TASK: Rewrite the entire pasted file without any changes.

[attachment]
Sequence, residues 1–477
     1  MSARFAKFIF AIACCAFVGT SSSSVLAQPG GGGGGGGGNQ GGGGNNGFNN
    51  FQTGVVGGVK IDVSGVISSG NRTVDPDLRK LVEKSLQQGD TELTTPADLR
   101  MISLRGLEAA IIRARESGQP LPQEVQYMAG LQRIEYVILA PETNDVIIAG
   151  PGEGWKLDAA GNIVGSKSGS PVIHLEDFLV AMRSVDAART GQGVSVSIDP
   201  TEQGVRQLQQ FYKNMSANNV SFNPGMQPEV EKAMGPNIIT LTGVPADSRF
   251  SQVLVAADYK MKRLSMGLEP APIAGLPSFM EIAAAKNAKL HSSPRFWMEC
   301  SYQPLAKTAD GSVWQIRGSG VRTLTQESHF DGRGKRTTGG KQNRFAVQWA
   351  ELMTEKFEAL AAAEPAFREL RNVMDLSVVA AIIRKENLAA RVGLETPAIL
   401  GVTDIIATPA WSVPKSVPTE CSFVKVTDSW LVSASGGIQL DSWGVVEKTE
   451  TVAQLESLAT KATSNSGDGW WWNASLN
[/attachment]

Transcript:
Sequence, residues 1–477
     1  MSARFAKFIF AIACCAFVGT SSSSVLAQPG GGGGGGGGNQ GGGGNNGFNN
    51  FQTGVVGGVK IDVSGVISSG NRTVDPDLRK LVEKSLQQGD TELTTPADLR
   101  MISLRGLEAA IIRARESGQP LPQEVQYMAG LQRIEYVILA PETNDVIIAG
   151  PGEGWKLDAA GNIVGSKSGS PVIHLEDFLV AMRSVDAART GQGVSVSIDP
   201  TEQGVRQLQQ FYKNMSANNV SFNPGMQPEV EKAMGPNIIT LTGVPADSRF
   251  SQVLVAADYK MKRLSMGLEP APIAGLPSFM EIAAAKNAKL HSSPRFWMEC
   301  SYQPLAKTAD GSVWQIRGSG VRTLTQESHF DGRGKRTTGG KQNRFAVQWA
   351  ELMTEKFEAL AAAEPAFREL RNVMDLSVVA AIIRKENLAA RVGLETPAIL
   401  GVTDIIATPA WSVPKSVPTE CSFVKVTDSW LVSASGGIQL DSWGVVEKTE
   451  TVAQLESLAT KATSNSGDGW WWNASLN